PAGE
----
Even though Java applets aren’t a popular web technology these days, there are countless reasons to deploy a Java virtual machine directly on a Linux server. If you try to run the Linux java command outright either on discrete hardware or inside of its own VM, then you might get an “error occurred during initialization of VM could not reserve enough space for object heap” message.
This probably looks rather odd because you more than likely have enough RAM to run the command, but it’s largely due to a specific quirk in the way that physical and virtual memory pages get used. Specifying some relatively large sizes should allow you to completely bypass this message and run the java command the way you would any other.
Method 1: Using Command Line Options
If you’ve tried to run java and gotten this message, then you’ve probably already run the free command to make sure that there’s ample supplies of memory to run the program in.
Notice that on our test machine we had some 2.3 GB of physical RAM and not a single page of virtual memory had gotten used yet. If you notice that you have a memory crunch, then you’ll want to close other things that you have running before trying it again. On the other hand, those who found that they have plenty of free memory can try to specify a size directly.
For example, on our machine we were able to run the command as java -Xms256m -Xmx512M and it worked like it would have otherwise been expected to. This constrains the heap size that the Java virtual machine attempts to reserve on startup. Since an unrestrained virtual machine could hypothetically do unusual things, it might throw error messages on an otherwise free system. You may also want to play around with those two values before you find the right combination.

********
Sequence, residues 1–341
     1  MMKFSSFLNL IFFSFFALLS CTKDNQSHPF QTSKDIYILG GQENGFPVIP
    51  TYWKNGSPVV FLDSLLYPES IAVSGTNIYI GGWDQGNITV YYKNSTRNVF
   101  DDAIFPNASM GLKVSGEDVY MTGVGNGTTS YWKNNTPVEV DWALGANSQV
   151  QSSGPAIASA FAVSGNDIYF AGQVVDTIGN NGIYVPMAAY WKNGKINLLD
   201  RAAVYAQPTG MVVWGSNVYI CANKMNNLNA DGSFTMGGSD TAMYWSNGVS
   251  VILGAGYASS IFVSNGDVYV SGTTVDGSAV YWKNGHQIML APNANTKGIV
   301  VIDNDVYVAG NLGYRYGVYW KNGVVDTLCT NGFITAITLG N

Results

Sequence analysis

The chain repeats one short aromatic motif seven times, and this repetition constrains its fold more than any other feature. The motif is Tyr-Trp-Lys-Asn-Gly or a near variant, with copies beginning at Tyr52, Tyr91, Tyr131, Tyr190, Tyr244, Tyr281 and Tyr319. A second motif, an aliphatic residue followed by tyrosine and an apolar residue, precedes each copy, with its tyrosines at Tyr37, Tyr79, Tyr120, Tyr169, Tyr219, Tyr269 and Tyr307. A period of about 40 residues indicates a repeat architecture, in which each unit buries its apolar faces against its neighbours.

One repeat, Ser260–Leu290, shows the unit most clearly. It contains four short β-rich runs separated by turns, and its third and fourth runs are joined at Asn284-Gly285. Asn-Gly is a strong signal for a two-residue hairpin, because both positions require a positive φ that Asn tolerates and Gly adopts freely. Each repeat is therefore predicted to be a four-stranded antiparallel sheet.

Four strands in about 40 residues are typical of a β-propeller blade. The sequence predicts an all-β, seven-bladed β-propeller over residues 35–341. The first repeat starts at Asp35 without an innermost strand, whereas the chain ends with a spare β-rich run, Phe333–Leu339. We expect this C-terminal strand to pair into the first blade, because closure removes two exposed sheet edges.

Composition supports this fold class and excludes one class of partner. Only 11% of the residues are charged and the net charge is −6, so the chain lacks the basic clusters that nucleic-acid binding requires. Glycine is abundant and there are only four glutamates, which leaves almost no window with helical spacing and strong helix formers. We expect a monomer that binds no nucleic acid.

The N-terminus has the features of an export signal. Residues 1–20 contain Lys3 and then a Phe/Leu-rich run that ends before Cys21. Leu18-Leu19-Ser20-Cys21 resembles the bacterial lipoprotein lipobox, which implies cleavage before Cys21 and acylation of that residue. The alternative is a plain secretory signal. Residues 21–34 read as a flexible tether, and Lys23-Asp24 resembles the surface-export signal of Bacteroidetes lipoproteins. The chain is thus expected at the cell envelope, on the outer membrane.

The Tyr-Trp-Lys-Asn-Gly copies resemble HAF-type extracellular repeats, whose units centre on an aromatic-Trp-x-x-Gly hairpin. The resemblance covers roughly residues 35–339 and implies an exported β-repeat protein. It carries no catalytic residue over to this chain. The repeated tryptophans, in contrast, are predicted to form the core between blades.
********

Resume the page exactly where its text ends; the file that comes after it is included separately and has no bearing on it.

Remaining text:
This can be an issue regardless of what you’re running it on since the JVM has nothing to do with the type of VM you might be using to run GNU/Linux.
Method 2: Exporting the Variables to Make the Change Permanent
When you find a value that works you can export it to make it permanent for that session. For instance, we used export _JAVA_OPTIONS=’-Xms256M -Xmx512M’ from the bash command prompt and it allowed us to run the java command by itself without any other options until we logged out of our server.
It needed to be run again when we logged in another session, so you might want to add it to any relevant startup scripts if you plan to be using the java command quite often. We added the line to our .bash_login file and it seemed to work each time we used a login prompt without having to run it again, though you might have to find another location for it if you’re working with a different shell.
You may have noticed that only certain hardware configurations trigger this error message. That’s because it usually happens on machines with a great deal of physical RAM but lower ulimits for how to use it. Java will try to allocate a huge block only to be told it can’t, which it interprets as running out of memory.
Method 3: Printing Current Java Options
If you’ve been working at the command line and want a quick reference to what you’ve currently set the _JAVA_OPTIONS value to, then simply run echo $_JAVA_OPTIONS and it will immediately print out the current values. This is useful for troubleshooting when you’re trying to figure out the right numerals to try.
Keep in mind that while this fix shouldn’t require any other playing around, Java will throw out the “could not reserve enough space for object heap” message if you ever find yourself genuinely on the short end of virtual memory. If this is the case, then you’ll want to double check what processes are currently running and possibly restart the server if that’s an option. You could also create more swap space, but if this is an issue it’s generally better to try and correct it in some other way.
In the rare case that your settings seem to be right but it still isn’t working, make sure you’ve installed the 64-bit Java package since it should be immune to this problem. Contiguous memory requirements only apply to the 32-bit version of Java. We found in a handful of cases the 64-bit version tried to create a 32-bit virtual machine, so specifying the -d64 option on the command line fixed it for us.